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1. Introduction

1.1 Background to the project

The techno-economic manual represents the final document of the project, which started officially on 1 June 1995 and was completed 31 December 1999. A need to improve the economic viability of coir fibres on world markets led to a proposal for making improvements to the obsolete processing technologies in use. This resulted in a programme of research and development (R&D) activities on wet processing technologies, the outcome of which is described herein. The Executive Board of the Common Fund for Commodities (CFC) approved the proposal entitled “IMPROVEMENT IN DRYING, SOFTENING, BLEACHING, DYEING COIR FIBRE/YARN AND IN PRINTING COIR FLOOR COVERINGS” in March 1993. The Food and Agriculture Organization of the United Nations (FAO) was designated the Project Executing Agency (PEA). The assigned project implementation agencies in the partnership countries were the Coir Board of India, Cochin, India and the Coconut Development Authority, Colombo, Sri Lanka.

1.2 Objectives and activities

The focus of the project was on coir wet processing technologies, and was directed towards the research and transfer of technologies that would encourage further demand for traditional coir products, for example, coir fibre, yarn and floor coverings (mats, matting and carpets) by improving quality and enhancing appeal. The project required that these technologies should be appropriate and cost effective, and would upgrade the production of coir and yarn manufacture at village level.

A strategy was proposed containing five activities for a period of two years to improve drying, dyeing, softening, and bleaching technologies, as well as the printability of coir mats, rugs and carpets. Drying was implemented in Sri Lanka by the Coconut Development Authority (CDA), while the other activities were located in India, and implemented by the Coir Board of India (CBI) with the close involvement of the Central Coir Research Institute (CCRI), Kalavoor.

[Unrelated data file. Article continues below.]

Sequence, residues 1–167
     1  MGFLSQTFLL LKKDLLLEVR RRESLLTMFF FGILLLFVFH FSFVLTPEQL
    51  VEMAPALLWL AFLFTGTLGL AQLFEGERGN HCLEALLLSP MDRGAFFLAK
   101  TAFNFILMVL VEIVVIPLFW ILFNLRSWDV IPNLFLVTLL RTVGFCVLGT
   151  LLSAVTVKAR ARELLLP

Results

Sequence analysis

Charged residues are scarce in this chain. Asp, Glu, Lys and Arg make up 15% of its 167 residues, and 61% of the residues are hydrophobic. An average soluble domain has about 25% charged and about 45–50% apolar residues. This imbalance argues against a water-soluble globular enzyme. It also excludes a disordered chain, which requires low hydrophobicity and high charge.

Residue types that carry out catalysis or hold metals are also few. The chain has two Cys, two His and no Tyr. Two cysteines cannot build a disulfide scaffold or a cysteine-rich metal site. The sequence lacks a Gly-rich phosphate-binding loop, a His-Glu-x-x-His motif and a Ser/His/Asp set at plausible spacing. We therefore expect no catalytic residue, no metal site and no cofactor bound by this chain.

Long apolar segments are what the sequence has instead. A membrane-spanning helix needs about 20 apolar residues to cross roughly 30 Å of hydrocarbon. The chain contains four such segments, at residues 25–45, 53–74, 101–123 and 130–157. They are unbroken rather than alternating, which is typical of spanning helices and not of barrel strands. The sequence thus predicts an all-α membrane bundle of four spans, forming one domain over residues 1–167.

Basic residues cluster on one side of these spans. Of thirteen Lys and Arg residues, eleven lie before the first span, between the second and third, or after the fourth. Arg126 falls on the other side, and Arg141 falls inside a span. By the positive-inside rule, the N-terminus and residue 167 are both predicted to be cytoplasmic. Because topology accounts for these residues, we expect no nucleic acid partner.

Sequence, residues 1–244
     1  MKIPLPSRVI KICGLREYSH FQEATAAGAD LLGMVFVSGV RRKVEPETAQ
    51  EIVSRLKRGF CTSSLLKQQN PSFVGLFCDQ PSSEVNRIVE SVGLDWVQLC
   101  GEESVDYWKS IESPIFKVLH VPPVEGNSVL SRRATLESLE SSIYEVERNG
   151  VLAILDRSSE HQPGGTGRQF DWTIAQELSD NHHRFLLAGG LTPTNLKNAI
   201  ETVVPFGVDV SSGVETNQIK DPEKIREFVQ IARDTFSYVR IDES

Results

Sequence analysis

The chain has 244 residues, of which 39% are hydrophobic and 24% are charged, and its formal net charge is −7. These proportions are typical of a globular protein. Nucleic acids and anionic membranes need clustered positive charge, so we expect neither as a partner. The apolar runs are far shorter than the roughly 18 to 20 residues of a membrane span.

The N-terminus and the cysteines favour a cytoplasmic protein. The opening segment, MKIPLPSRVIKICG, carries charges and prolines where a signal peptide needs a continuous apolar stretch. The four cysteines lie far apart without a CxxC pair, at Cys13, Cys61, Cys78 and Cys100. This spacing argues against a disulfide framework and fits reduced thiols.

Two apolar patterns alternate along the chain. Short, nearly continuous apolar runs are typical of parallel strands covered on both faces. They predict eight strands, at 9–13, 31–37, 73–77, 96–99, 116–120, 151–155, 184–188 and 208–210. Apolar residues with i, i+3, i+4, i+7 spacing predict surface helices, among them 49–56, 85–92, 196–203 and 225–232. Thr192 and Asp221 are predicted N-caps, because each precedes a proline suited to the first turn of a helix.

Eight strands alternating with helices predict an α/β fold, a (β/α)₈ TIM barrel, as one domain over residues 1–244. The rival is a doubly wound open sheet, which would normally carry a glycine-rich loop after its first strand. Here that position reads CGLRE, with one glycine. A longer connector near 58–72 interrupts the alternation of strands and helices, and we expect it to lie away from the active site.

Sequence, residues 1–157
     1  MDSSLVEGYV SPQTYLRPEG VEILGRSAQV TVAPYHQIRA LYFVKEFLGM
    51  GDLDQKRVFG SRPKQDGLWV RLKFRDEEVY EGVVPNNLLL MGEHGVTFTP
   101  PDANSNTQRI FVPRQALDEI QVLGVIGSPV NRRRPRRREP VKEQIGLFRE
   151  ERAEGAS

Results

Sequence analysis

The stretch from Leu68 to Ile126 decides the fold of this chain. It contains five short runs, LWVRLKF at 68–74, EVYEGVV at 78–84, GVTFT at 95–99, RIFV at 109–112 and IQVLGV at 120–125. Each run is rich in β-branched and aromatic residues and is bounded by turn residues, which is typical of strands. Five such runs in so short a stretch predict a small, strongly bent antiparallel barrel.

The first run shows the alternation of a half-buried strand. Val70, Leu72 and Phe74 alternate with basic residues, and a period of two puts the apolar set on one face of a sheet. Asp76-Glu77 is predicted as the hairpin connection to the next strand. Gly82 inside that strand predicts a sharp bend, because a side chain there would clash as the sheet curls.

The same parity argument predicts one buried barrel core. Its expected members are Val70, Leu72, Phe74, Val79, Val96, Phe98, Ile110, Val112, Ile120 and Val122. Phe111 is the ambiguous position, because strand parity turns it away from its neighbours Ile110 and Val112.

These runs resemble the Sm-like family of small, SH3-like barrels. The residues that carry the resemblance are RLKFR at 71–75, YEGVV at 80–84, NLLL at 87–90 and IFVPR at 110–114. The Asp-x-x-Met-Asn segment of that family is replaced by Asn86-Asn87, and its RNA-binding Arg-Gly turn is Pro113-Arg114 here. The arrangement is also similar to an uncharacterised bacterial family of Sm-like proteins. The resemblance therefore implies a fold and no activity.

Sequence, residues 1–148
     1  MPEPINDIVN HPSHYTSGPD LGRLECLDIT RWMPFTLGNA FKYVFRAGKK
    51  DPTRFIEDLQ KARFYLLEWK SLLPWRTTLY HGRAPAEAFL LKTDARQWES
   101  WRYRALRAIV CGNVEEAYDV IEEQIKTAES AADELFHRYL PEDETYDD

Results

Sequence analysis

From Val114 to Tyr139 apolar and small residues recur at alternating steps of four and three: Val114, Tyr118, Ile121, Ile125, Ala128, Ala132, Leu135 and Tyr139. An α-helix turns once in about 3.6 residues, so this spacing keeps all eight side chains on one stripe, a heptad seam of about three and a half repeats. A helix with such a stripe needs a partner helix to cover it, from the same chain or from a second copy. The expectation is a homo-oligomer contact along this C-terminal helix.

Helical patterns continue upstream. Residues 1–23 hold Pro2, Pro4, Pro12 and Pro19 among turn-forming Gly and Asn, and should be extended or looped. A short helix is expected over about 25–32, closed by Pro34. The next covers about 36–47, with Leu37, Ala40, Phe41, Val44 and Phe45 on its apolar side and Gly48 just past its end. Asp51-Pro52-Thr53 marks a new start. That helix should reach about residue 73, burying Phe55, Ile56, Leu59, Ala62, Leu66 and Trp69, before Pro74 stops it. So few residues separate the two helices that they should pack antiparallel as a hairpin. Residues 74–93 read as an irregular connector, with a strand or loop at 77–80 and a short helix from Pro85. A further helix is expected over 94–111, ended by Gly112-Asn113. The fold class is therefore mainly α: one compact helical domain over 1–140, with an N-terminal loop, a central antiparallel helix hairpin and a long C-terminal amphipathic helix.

1.3 Execution

The CCRI is a specialized institution for the R & D of coir, and a constituent part of the Coir Board of India. The CBI through the Ministry of Commerce provides government representation for the coir industry. The CCRI needs to be exposed to international standards of testing and up-to-date technology in order to be able to supply coir exporters with the improved technologies and product certificates that are essential to enable them to remain competitive. CCRI research staff are involved in many different aspects of research, development and testing for the coir production sector. Improvements with the technologies of fibre extraction, spinning and weaving, dyeing and finishing were extensively covered during the R&D programme that formed part of the project. Much attention was also given to the bio-technological processing of coir fibre extraction, bleaching and softening.

Much has been achieved in India within the framework of the FAO/CFC project on wet processing of coir. The project has given a measure of focus to the CCRI research groups on the processing technologies required, and enabled them to target and re-align their work programmes. This will have long term post-project implications. Methods have been developed to assess the research achievements made, both technically and economically. Thanks to the current project, the Institute has been able to purchase essential research equipment such as the HPLC, GC and a UV/VIS spectrophotometer. This equipment can be used to measure the concentration and composition of a broad range of chemicals, such as dyestuffs and auxiliary chemicals in processing liquors or effluents.

In Sri Lanka, project activities on drying technology were undertaken by the CDA, which is essentially a trading and advisory organization and not a research centre. The CDA has some limited laboratory facilities on site with which to investigate foods from coconuts but none for non-food products such as coir. It recruited specialists, allocated laboratory space and made a concerted effort to redress some of these deficiencies. The CDA made full use of external contractors for the construction of rigs and prototypes. By the end of the project a prototype drier was working within designated parameters of design, but lack of industrial R&D facilities and limited international orientation on the part of the CDA was an obstacle to achieving the goal of developing a fully functional and operating drying unit for coir fibre products.

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